Herzog & de Meuron Basel Ltd.
4056 Basel, Switzerland
Phone: +41 61 385 5757
Ciudad Juárez, Mexico
Facing each other across the Rio Grande, at a place where the river winds its way from east to west through the foothills of the Rocky Mountains, lie the Mexican city of Ciudad Juárez (Juarez City) and the US city of El Paso. The two border cities straddle one of the continent’s key north-south traffic routes, whose origins lie in the Camino Real (Royal Road) established in the early seventeenth century by the Spanish conquistadors. The US-bound migration flows from South and Central America via Mexico are largely channelled along this route – with Juarez City as the last stop before the coveted destination. In the context of these now highly topical social problems, the Iglesia project represents an important step out of hopelessness towards a new identity for the whole region.
The site of the Iglesia lies at the intersection between the Rio Grande or Mexican-US border and the Camino Real, as north-south axis. This geographical setting is the inspiration behind the cruciform architectural plan. At the same time, the cross evokes the Christian belief that has prompted the community to support this initiative. The planned accommodation is shared between the four arms of the cross. The facilities comprise a clearing house for homeless migrants, a clergy house, seminar rooms and other ecclesiastical spaces, a music academy and workshops for the young people of Juarez City.
In keeping with the tradition of the medieval builders’ lodges, these workshops will already play a pivotal role in the construction of the Iglesia. Individual spatial units are stacked on top of each other like oversized stones to create a vaulted church space in the middle – suggestive of the manner in which the community is formed by the gathering-together of its individual members. While the side sections of the dome act as a corbel vault, the upper stones are additionally supported by columns. At the centre, a cruciform assembly results from the connection of a column to a cross-beam spanning the rooflight. Structural requirements are thus coupled with an invocation, through the cross, of the Christian belief.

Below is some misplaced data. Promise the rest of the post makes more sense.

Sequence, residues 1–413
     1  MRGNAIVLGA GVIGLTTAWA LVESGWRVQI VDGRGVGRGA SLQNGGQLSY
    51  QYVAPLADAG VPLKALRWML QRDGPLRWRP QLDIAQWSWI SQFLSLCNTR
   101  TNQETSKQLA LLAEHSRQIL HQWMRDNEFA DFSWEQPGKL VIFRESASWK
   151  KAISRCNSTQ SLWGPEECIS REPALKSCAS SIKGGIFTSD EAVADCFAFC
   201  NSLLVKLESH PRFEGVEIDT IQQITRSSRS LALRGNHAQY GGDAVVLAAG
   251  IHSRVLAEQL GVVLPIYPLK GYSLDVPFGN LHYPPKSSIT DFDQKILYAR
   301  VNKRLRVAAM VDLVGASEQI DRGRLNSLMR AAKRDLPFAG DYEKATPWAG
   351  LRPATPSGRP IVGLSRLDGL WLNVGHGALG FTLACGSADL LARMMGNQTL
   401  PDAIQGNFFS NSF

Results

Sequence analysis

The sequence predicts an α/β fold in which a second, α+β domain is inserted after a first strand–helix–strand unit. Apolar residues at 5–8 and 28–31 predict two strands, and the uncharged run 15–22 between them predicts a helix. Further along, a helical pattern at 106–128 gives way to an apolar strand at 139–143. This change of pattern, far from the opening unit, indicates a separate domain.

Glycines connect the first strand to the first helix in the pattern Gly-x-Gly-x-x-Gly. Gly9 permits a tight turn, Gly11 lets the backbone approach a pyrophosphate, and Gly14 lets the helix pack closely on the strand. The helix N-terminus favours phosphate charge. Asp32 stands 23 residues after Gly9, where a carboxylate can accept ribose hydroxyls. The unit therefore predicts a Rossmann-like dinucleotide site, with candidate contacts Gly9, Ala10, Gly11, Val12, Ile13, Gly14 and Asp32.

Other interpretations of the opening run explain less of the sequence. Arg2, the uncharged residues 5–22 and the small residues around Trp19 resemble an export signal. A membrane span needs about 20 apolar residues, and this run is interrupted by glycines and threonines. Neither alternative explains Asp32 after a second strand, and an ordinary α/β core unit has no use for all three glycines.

The church volume, which is slightly sunken and thereby firmly rooted in the ground, can be reached from a spacious garden from all four directions via steps and ramps. Lined with sales stalls belonging to the workshops, these access routes add something of the flavour of a bazaar. The main entrance is at the plaza fronting the church to the east. Here, two panels open out like giant altarpieces in an embracing gesture of welcome. At the Iglesia de Ciudad Juárez, space, structure, symbolism and facilities form an indivisible unity.
Herzog & de Meuron, 2016
Stages 1 and 2